While the blueprint is available and success proven, three of five in-house lawyers say that their companies have neglected to pursue meritorious recoveries in the prior year, with the cost of pursuing claims, judgments and awards a deciding factor, as reported in Burford’s forthcoming research. The financial deterrent suggests that many companies would benefit from pursuing recoveries with a risk-sharing partner. Legal finance experts can help in-house legal departments at any stage in the recovery process, whether that be financing the cost of the litigation, revamping or helping to establish an affirmative recovery program. Companies less familiar with affirmative litigation can lean on the expertise and experience of a legal finance partner that has access to key data and insights that would otherwise be unavailable.
Acquisitions present opportunities with unvalued and undervalued assets
While Big Pharma certainly has a proven track record of asserting affirmative IP and patent litigation to protect assets there is still room for further sophistication, particularly in the context of acquisitions. Mergers and acquisitions of clinical-stage and commercial-stage companies are common in the pharma industry to support growth and innovation. In 2022, we continue to see pharma companies performing due diligence on various entrants and potential targets with promising product pipelines. Recent acquisitions include:
- In December 2021, Pfizer entered into a $6.7 billion proposed pharma acquisition deal with Arena Pharmaceuticals
- In October 2021, Merck entered into an $11.5 billion pharma acquisition deal with biotechnology company Acceleron Pharma
- In August 2021, Pfizer recently entered into a $2.26-billion pharma acquisition deal with clinical-stage immuno-oncology company, Trillium
As is true of acquisitions in many industries, the buyer may go into the deal for a particular product or franchise of products. But the acquirer may be overlooking, or undervaluing, extensive unrelated IP assets of the acquired company. With pharmaceutical acquisitions commanding hundreds of millions to billions of dollars, the acquiring group should investigate the full value of purchased IP portfolio, not just the specific product, talent, IP or facilities that drove the sale. And if the acquiring group is considering talent changes post-acquisition, it’s important not to overlook the intelligence and resources needed to explain the value of the acquired IP. The acquiring group should also be aware that if a company knows it’s being acquired, the target may forgo affirmative litigation so as to not disrupt or complicate the buy-out with perceived litigation risk. The bottom line: Mergers and acquisitions are unique opportunities for Big Pharma companies to look at the broader patent portfolio of their acquired companies and potentially discover undervalued assets.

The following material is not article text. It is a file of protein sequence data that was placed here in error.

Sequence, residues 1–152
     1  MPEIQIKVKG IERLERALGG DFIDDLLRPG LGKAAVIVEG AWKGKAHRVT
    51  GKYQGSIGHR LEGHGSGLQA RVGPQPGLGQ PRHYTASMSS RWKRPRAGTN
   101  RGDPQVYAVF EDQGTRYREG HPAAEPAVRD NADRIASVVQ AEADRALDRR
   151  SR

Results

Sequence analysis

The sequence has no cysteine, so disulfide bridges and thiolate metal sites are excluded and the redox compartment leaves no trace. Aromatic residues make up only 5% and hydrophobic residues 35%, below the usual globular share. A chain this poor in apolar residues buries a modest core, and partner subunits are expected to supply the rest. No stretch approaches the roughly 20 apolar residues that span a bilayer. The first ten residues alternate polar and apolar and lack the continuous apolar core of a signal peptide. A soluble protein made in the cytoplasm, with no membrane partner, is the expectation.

There is value to be unlocked in affirmative recovery programs, and Big Pharma has shown that IP and patents are valuable assets that can be monetized. When companies undertake mergers or acquisitions, patent portfolios should be assessed thoroughly. An experienced legal finance provider like Burford with a specialized IP and patent team can help companies at any stage in the affirmative recovery process, whether evaluating a patent portfolio of a recently acquired company, evaluating potential affirmative claims or pursuing affirmative litigation.